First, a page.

As lockdown orders over the coronavirus pandemic continue to put more Americans out of work and increasingly shift an idle population online, there have been reported increases in anti-Semitic activity and extremism.
At the beginning of the year, Jewish security insiders feared that a worldwide pandemic would not only bring mass death, but also a wave of increased racism and anti-Semitism. As millions are forced to stay home under quarantine, resulting in increased online activity, experts predicted that advocates for extremism and violence would be given a larger platform.
“[A] more captive audience, more people spending time online, the ability for these messages to resonate with certain people” could result from mass quarantine, stated Oren Segal, the vice president of the Anti-Defamation League’s Center on Extremism, according to the Jewish Telegraph Agency.
“All of these people are staying at home online and have all the time in the world to take part in these attacks and spread their hate and plan,” Amy Spitalnick, who leads Integrity First for America, also said of the situation.
These concerns appear to have been proven accurate.
The COVID-19 outbreak has spawned an increase in anti-Semitic expression that casts blame on Jews for spreading the virus and the economic downturn caused by it, Israeli researchers reported in April. An annual anti-Semitism report by Tel Aviv University researchers that found an 18% increase in attacks against Jews last year also warned that the global outbreak has threatened to further incite attacks.
“Since the beginning of the COVID-19 pandemic, there has been a significant rise in accusations that Jews, as individuals and as a collective, are behind the spread of the virus or are directly profiting from it,” said Moshe Kantor, the president of the European Jewish Congress, an organization that represents Jewish communities across Europe.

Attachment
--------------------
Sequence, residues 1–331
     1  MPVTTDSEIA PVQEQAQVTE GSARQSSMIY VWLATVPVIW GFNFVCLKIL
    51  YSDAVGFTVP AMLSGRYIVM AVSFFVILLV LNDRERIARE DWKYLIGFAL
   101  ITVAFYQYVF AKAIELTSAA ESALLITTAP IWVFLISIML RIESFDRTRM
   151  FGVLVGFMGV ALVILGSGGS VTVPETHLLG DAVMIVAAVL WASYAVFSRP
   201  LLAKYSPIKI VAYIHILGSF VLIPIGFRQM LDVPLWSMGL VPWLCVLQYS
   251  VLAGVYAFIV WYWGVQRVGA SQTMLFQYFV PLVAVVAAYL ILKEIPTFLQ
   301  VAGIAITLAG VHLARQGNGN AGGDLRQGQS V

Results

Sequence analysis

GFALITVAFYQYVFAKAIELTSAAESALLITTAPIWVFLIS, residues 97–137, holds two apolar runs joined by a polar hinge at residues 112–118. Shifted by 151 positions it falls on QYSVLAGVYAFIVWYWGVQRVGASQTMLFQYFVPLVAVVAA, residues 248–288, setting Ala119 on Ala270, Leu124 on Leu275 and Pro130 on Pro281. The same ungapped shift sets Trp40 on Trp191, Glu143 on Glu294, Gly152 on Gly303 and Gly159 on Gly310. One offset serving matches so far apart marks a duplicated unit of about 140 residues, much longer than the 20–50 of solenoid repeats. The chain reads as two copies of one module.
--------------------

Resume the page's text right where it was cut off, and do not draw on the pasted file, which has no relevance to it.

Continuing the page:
“The language and imagery used clearly identifies a revival of the medieval ‘blood libels’ when Jews were accused of spreading disease, poisoning wells or controlling economies,” Kantor added, The New York Times reported.
The hateful reactions to the coronavirus pandemic, and the subsequent economic downturn it has caused, is simply a perpetuation of an archaic form of anti-Semitism where Jews are blamed when “things go wrong,” the extremism researchers in Tel Aviv noted.
Examples of overt anti-Semitism in reaction to the coronavirus exist within the United States.
The FBI’s New York field office was alerted after reported far-right extremists encouraged those infected with COVID-19 to spread the disease to law enforcement officers and Jews.
Burt Colucci, the leader of the Nationalist Socialist Movement, a neo-Nazi group, claimed he is easily able to build a following on his podcast, bringing in listeners who are convinced that Jews are responsible for the viral outbreak.
U.S. intelligence has also reported concerns of rising extremism during lockdown.
“Recent incidents and arrests nationwide illustrate how the COVID-19 pandemic is driving violent actors – both non-ideologically and ideologically motivated – to threaten violence,” read an April 23 Department of Homeland Security intelligence memo obtained by Politico.
“These incidents indicate that COVID-19 is serving as the impetus for some domestic terrorist plots,” the memo continues.
Intelligence officials, according to the note, believe the threat of domestic terrorists and violent extremists could escalate further “until the virus is contained the normal routine of U.S. societal life resumes.”
A recent survey indicates that Jews in the U.S. feel less safe than they have in years, and experts say the coronavirus has only exasperated such sentiments.
Nearly two-thirds of American Jews said they feel less safe than they did in the last decade, according to a recent survey conducted by the Anti-Defamation League. The poll was published on Holocaust Remembrance Day – shortly before the pandemic spread throughout the country.
More than half of the respondents said they were witness to an incident instigated by anti-Semitism.
“Our tracking has shown that lethal and nonlethal anti-Semitic attacks have been on the rise in recent years, and now we’ve also found that American Jews are deeply concerned for their personal safety and their families’ and communities’ security in a way that they haven’t been in more than a decade,” said Jonathan Greenblatt, head of the Anti-Defamation League.
Greenblatt said the pandemic has only increased anti-Jewish activity.
“We recognize the reality on the ground has changed dramatically for Jewish communities, as it has for all communities, in recent months,” he said.